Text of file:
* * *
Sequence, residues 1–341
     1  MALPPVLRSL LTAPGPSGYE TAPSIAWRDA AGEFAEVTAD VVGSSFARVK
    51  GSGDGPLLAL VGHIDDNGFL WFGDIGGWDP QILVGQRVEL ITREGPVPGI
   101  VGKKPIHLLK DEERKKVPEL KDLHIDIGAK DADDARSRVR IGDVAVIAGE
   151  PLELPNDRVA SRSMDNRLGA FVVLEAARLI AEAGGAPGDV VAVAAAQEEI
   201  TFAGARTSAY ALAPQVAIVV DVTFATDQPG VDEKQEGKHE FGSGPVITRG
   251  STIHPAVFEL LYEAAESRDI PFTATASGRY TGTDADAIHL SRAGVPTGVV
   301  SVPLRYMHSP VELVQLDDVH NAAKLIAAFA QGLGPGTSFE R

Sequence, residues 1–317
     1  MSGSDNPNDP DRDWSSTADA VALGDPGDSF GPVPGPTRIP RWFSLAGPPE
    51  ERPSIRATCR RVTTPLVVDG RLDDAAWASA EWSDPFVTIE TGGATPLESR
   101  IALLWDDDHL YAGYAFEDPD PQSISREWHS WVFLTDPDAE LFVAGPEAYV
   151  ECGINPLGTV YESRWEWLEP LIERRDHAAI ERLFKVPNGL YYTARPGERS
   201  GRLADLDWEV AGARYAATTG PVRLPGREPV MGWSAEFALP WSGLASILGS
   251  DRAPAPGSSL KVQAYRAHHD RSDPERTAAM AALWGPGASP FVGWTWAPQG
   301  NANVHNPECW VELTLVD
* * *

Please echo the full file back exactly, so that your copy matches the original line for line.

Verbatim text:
Sequence, residues 1–341
     1  MALPPVLRSL LTAPGPSGYE TAPSIAWRDA AGEFAEVTAD VVGSSFARVK
    51  GSGDGPLLAL VGHIDDNGFL WFGDIGGWDP QILVGQRVEL ITREGPVPGI
   101  VGKKPIHLLK DEERKKVPEL KDLHIDIGAK DADDARSRVR IGDVAVIAGE
   151  PLELPNDRVA SRSMDNRLGA FVVLEAARLI AEAGGAPGDV VAVAAAQEEI
   201  TFAGARTSAY ALAPQVAIVV DVTFATDQPG VDEKQEGKHE FGSGPVITRG
   251  STIHPAVFEL LYEAAESRDI PFTATASGRY TGTDADAIHL SRAGVPTGVV
   301  SVPLRYMHSP VELVQLDDVH NAAKLIAAFA QGLGPGTSFE R

Sequence, residues 1–317
     1  MSGSDNPNDP DRDWSSTADA VALGDPGDSF GPVPGPTRIP RWFSLAGPPE
    51  ERPSIRATCR RVTTPLVVDG RLDDAAWASA EWSDPFVTIE TGGATPLESR
   101  IALLWDDDHL YAGYAFEDPD PQSISREWHS WVFLTDPDAE LFVAGPEAYV
   151  ECGINPLGTV YESRWEWLEP LIERRDHAAI ERLFKVPNGL YYTARPGERS
   201  GRLADLDWEV AGARYAATTG PVRLPGREPV MGWSAEFALP WSGLASILGS
   251  DRAPAPGSSL KVQAYRAHHD RSDPERTAAM AALWGPGASP FVGWTWAPQG
   301  NANVHNPECW VELTLVD